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VERY LARGE MOTH
by Craig Arnold

Your first thought when the light snaps on and the black wings
clatter about the kitchen is a bat

the clear part of  your mind considers rabies the other part
does not consider knows only to startle

and cower away from the slap of  its wings though it is soon
clearly not a bat but a moth and harmless

still you are shy of it it clings to the hood of the stove
not black but brown its orange eyes sparkle

like televisions its leg  joints are large enough to count
how could you kill it where would you hide the body

a creature so solid must have room for a soul
and if  this is so why not in a creature

half  its size or half its size again and so on
down to the ants clearly it must be saved

caught in a shopping bag and rushed to the front door
afraid to crush it feeling the plastic rattle

loosened into the night air it batters the porch light
throwing fitful shadows around the landing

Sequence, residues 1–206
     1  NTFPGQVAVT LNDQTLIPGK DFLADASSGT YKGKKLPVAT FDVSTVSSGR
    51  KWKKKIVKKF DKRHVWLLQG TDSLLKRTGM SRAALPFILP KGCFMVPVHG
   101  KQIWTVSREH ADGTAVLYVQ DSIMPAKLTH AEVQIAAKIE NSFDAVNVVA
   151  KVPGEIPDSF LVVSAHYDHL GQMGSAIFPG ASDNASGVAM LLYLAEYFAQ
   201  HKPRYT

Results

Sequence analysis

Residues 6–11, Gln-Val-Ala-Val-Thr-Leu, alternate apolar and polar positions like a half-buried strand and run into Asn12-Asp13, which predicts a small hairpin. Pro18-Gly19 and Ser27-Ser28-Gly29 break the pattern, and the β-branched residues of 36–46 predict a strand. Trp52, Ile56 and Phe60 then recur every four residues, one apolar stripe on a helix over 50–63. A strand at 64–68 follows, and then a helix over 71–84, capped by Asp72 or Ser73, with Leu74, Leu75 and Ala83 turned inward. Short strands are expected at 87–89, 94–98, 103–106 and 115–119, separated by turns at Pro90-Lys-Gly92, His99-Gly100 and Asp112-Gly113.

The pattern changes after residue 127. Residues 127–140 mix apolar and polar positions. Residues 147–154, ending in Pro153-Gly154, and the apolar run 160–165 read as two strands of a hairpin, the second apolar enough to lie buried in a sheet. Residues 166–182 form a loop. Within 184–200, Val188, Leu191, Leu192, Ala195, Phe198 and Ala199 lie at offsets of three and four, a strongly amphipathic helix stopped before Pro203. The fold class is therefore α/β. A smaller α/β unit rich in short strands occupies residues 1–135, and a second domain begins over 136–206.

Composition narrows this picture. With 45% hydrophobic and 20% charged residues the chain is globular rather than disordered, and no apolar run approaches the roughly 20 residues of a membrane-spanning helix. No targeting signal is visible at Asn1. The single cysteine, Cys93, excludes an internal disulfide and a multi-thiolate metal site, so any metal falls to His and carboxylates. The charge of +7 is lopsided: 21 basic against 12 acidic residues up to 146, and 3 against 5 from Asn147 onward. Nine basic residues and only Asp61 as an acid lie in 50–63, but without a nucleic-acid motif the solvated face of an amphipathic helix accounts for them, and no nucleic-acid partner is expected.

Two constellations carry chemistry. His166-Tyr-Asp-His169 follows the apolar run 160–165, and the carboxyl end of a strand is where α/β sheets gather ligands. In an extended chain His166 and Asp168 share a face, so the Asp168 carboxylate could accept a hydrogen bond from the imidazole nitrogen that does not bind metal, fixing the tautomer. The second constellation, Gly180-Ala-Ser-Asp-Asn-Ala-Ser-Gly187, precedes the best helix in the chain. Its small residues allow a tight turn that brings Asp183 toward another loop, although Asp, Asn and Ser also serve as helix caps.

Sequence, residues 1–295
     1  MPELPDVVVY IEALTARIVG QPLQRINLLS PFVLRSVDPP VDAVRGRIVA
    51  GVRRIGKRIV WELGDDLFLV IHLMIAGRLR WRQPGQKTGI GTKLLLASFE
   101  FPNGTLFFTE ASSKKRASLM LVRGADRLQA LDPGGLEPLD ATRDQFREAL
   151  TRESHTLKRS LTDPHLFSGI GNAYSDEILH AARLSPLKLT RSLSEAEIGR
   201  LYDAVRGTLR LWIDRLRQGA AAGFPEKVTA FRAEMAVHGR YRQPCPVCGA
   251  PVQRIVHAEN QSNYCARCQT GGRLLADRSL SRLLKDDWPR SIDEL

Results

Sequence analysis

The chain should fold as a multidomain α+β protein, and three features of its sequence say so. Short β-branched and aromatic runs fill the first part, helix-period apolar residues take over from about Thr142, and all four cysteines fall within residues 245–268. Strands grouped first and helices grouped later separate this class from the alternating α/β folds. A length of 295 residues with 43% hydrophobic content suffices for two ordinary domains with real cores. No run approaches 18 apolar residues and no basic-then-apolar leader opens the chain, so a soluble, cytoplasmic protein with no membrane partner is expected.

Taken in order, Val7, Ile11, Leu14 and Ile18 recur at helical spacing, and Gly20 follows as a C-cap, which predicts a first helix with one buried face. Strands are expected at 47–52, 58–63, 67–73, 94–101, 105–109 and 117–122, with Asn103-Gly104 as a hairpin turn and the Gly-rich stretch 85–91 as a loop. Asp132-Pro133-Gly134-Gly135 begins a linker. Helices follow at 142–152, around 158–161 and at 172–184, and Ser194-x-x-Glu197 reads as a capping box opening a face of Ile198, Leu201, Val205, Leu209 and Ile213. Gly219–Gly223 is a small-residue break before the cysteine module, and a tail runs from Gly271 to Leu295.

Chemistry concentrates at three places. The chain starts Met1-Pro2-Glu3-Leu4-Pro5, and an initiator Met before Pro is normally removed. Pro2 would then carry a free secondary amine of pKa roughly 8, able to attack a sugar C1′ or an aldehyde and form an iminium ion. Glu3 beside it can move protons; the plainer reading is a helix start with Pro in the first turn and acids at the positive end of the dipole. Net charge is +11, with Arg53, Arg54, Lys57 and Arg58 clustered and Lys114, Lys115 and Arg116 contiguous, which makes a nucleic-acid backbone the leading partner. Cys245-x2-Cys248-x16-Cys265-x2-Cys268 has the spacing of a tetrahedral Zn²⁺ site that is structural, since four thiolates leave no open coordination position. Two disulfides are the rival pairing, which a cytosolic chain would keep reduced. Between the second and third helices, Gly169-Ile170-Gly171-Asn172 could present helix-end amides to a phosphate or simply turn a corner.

That was a really big moth is all you can say to the doorman
who has watched your whole performance with a smile

the half-compassion and half-horror we feel for the creatures
we want not to hurt and prefer not to touch

SOURCE: Poetry (October 2013).

IMAGE: “Giant Silk Moth” by William Bartholomew. Prints available at fineartamerica.com.

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ABOUT THE AUTHOR: Craig Arnold (1967– 2009) was an American poet and professor. His first book of poems, Shells (1999), was selected by W. S. Merwin for the Yale Series of Younger Poets. His second collection was Made Flesh (2008). His many honors include the 2005 Joseph Brodsky Rome Prize Fellowship in literature, The Amy Lowell Poetry Traveling Fellowship, an Alfred Hodder Fellowship, a Fulbright Fellowship, an NEA fellowship, and a MacDowell Fellowship. In 2009, Arnold traveled to Japan to research volcanoes for a planned book of poetry. In May of that year, he disappeared while hiking on the island of Kuchinoerabujima.